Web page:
Select Page

The language of the law. Part Latin, part Anglo-Saxon, all confusing.

Some of the most important types of records we ever come across as genealogists are estate records. All the kinds of documents that get created when someone dies: wills, inventories, petitions for partition, and more.

And all kinds of terms get used in those documents that can be as confusing as all get out. And very little is more confusing than the concept of who gets what from a will.

Part of the problem is the use of terms like “children” and “issue” and “heirs.” And it gets even worse with the use of terms like “per capita” and “per stirpes.”

Though The Legal Genealogist has tackled this before,1 it’s a topic that keeps coming up, so let’s see if we can make sense of this.

Let’s say that John and Mary have three children, two boys and a girl — Adam, Brenda and Charlie. Adam and Charlie are crusty old bachelors who never marry. Brenda marries and has two children, a son Dan and a daughter Edna. By the time John and Mary pass on, Brenda has also died, so the living members of the family are Adam, Charlie, Dan and Edna. The family would look like this:

(Living persons in red)

Now let’s say John is the last of the parents to die, and he leaves a will written years before, when Brenda was still alive. How his estate gets split up among his four living descendants depends on the words that were used in the will.

He might have said he wanted his estate to go to his children. In the law, as in common every-day usage, that means Adam, Brenda and Charlie. The word “child” in the law of wills, descent and distribution “is used strictly as the correlative of ‘parent,’ and means a son or daughter considered as in relation with the father or mother.”2

Or he might have said he wanted his estate to go to his issue. Now that’s a little different. In the law of wills, descent and distribution, that means “all persons who have descended from a common ancestor,” so it’s “not only a child or children, but all other descendants in whatever degree.”3

Or he might have said he wanted his estate to go to his heirs. And that’s a whole ‘nother kettle of fish. The problem is that the word is usually used when there isn’t a will; heirs are those who “succeed…, by the rules of law, to an estate in lands, tenements, or hereditaments, upon the death of [an] ancestor, by descent and right of relationship.”4

It’s a pretty safe assumption that, unless he said something specific to indicate a different intent, John would have wanted his estate to be divided among all of his descendants. That’s the usual presumption in the law.5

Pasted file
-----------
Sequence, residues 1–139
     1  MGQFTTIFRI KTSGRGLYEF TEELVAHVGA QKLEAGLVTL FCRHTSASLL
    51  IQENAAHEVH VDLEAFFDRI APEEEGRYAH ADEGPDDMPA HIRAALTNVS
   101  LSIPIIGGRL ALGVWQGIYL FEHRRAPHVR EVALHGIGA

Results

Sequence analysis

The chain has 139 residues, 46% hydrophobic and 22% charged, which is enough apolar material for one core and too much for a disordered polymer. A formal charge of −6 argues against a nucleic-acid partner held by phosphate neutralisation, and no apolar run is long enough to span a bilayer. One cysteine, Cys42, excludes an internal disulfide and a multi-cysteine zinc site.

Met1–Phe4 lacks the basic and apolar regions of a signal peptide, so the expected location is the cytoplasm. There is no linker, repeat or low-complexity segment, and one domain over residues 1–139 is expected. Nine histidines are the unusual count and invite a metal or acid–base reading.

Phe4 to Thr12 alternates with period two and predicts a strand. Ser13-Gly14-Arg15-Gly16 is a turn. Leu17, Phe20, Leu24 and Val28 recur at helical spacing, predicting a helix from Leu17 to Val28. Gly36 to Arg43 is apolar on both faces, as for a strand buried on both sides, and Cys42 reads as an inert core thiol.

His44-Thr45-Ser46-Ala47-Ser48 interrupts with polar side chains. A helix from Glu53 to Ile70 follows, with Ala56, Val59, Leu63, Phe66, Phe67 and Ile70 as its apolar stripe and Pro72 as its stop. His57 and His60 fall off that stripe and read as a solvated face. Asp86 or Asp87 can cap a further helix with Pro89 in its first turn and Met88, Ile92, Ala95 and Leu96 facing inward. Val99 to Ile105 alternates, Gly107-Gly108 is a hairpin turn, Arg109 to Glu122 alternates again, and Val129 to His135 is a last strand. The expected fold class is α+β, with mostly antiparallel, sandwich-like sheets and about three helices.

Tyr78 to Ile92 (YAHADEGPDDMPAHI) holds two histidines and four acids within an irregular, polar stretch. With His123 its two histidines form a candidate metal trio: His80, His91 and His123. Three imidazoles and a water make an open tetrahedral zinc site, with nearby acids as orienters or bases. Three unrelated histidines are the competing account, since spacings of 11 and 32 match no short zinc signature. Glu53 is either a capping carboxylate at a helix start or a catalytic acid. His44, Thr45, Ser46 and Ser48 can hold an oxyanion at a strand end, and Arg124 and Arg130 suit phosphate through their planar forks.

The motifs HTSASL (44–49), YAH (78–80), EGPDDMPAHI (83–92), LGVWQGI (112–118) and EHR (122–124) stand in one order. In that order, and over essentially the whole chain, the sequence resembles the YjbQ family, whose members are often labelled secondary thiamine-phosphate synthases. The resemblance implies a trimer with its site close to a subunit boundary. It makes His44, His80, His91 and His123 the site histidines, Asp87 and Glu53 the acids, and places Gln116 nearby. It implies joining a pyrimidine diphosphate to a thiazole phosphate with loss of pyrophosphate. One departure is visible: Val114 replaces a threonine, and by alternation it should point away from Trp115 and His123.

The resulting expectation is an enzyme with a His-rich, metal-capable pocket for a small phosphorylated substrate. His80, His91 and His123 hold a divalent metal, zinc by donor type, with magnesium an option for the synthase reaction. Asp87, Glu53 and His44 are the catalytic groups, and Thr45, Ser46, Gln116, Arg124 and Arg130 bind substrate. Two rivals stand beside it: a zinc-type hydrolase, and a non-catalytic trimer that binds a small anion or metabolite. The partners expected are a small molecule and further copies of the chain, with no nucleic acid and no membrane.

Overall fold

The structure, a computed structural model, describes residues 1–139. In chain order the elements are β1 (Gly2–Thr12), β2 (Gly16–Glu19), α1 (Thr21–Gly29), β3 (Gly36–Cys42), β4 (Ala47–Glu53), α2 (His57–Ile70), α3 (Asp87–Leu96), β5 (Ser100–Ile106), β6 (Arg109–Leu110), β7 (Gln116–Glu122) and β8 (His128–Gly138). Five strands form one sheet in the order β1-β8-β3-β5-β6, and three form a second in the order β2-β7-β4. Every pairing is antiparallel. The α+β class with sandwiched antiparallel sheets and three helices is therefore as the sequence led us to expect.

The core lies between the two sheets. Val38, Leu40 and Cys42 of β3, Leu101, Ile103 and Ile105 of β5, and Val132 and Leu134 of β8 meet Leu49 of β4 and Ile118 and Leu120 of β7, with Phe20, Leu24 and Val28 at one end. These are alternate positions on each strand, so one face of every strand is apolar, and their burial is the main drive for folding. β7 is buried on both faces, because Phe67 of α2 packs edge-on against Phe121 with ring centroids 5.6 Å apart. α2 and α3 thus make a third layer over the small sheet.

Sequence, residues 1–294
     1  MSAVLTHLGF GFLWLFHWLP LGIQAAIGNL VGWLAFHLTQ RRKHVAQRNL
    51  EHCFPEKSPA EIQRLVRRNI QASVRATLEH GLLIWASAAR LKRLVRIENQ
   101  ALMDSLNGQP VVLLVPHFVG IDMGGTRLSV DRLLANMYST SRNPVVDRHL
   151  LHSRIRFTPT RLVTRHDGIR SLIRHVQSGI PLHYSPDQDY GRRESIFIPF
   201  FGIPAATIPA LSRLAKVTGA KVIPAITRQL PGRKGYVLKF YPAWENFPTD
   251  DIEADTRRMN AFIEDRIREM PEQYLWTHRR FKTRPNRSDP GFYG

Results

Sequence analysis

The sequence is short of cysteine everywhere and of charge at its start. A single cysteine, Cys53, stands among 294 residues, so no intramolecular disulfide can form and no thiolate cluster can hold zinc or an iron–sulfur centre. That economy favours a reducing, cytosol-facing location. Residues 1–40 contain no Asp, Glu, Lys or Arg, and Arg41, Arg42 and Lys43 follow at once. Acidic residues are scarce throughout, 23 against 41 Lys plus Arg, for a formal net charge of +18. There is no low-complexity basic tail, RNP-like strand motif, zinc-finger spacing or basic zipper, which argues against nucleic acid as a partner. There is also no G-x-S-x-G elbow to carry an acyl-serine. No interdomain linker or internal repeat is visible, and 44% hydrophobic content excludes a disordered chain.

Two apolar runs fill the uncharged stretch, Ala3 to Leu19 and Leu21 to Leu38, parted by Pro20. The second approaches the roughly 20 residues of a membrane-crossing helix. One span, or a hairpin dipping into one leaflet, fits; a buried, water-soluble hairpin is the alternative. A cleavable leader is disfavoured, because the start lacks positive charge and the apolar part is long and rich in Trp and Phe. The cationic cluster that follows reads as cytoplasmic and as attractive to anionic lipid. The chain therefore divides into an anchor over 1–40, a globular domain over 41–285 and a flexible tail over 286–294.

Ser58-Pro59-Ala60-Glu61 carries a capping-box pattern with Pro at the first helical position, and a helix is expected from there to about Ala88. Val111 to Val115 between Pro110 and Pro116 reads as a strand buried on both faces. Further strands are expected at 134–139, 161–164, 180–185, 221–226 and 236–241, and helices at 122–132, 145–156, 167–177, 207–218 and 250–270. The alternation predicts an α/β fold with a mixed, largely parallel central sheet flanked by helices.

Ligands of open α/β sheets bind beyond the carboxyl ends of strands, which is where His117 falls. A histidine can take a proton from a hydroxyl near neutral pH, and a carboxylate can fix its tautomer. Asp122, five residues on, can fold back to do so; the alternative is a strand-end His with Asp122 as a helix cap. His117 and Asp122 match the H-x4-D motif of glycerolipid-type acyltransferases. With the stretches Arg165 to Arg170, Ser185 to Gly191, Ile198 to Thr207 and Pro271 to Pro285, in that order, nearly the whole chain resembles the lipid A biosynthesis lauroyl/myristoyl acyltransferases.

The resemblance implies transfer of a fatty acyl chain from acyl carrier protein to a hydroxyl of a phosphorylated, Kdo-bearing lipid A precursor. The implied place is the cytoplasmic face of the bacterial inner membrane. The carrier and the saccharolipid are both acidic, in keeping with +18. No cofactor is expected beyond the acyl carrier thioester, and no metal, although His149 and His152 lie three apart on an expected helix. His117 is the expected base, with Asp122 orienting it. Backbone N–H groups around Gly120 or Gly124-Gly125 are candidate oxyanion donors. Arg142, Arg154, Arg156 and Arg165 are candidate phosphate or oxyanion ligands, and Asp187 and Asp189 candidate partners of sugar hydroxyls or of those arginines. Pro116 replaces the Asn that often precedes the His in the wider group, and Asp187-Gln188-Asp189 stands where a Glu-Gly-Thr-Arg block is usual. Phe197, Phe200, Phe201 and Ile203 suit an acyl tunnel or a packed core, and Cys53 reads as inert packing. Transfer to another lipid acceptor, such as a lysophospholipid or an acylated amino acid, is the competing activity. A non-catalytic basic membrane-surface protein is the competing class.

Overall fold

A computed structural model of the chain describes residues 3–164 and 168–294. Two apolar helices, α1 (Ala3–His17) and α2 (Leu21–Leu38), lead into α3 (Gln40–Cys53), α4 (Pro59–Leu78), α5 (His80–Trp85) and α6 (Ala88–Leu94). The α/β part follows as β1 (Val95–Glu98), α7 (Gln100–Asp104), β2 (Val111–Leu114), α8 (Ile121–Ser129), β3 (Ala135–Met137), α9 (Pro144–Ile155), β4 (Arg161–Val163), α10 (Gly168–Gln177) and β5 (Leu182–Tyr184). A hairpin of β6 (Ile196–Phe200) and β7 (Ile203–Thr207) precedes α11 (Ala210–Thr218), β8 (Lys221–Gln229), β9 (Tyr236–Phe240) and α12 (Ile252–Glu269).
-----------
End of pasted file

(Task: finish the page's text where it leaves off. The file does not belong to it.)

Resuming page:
But how should it be divided? That’s where those other terms come into play.

The term per capita means, literally, “by heads” and refers to individuals. And when it comes to an estate, “the persons legally entitled to take are said to take per capita when they claim, each in his own right.”6 It means the same thing when the term used is share and share alike — in equal shares or proportions.7

By contrast, the term per stirpes means “by roots or stocks” or “by representation” where “a class or group of distributees take the share which their stock (a deceased ancestor) would have been entitled to, taking thus by their right of representing such ancestor, and not as so many individuals; while other heirs, who stand in equal degree with such ancestor to the decedent, take each a share equal to his.”8

And if John didn’t use either of those terms or concepts, the law would usually look at the classes: children would be one class; grandchildren a second class. Those in each class would take per capita; those who took by representation of a higher class (Dan and Edna taking Brenda’s share) would take per stirpes.

So how does this work? Like this:

“And I leave my estate…” “to my children
per capita”
“to my issue
per capita”
“to my children/issue
per stirpes”
“to my heirs” “to my heirs
share and share alike”
Adam (living) one half one fourth one third probably 1/3 one fourth
Charlie (living) one half one fourth one third probably 1/3 one fourth
Dan and Edna, children of Brenda (dec’d) nothing Dan, one fourth
Edna, one fourth
Dan, one sixth
Edna, one sixth
Dan, prob. 1/6
Edna, prob. 1/6
Dan, one fourth
Edna, one fourth

There are exceptions, of course; sometimes unless it was clear that a deceased child’s children were deliberately excluded, even saying “to my children per capita” wouldn’t exclude the grandchildren. That’s a matter that could vary from state to state, and even today it’s often different between states and American law can differ from the rule in England and British commonwealth nations.

But this will get you started when you’re poking around in that 18th or 19th century will…


  1. See Judy G. Russell, “Per capita, per stirpes,” The Legal Genealogist, posted 10 Sep 2012 ( : accessed 30 Mar 2015).
  2. Henry Campbell Black, A Dictionary of Law (St. Paul, Minn. : West, 1891), 200, “child.”
  3. Ibid., 645-646, “issue.”
  4. Ibid., 565, “heir.”
  5. See e.g. Cook v. Catlin, 25 Conn. 387, 390-392 (Conn. 1856).
  6. Black, A Dictionary of Law, 169, “capita”; ibid., 885, “per capita.”
  7. Ibid., 1089, “share and share alike.”
  8. Ibid., 887, “per stirpes.” That second word is pronounced stir’-pees.
Print Friendly, PDF & Email